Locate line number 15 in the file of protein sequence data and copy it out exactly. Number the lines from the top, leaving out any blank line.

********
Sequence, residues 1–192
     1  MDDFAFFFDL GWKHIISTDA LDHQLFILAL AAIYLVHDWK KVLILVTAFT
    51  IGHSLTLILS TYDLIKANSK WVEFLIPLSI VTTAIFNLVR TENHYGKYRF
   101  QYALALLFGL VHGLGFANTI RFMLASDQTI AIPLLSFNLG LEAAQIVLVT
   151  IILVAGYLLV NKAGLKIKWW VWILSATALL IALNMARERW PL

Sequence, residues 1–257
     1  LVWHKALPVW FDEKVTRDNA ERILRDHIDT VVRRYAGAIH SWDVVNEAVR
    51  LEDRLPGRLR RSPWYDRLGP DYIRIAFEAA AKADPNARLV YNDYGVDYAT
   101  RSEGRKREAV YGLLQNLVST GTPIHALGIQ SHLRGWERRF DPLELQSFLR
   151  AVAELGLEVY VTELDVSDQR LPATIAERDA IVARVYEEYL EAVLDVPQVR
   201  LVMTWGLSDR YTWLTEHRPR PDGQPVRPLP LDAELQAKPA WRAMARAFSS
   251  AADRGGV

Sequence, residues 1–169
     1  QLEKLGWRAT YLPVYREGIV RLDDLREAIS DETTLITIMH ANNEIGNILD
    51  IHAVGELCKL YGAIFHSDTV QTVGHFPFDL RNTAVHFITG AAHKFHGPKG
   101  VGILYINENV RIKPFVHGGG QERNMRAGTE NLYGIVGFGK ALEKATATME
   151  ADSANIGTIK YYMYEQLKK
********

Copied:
    51  IHAVGELCKL YGAIFHSDTV QTVGHFPFDL RNTAVHFITG AAHKFHGPKG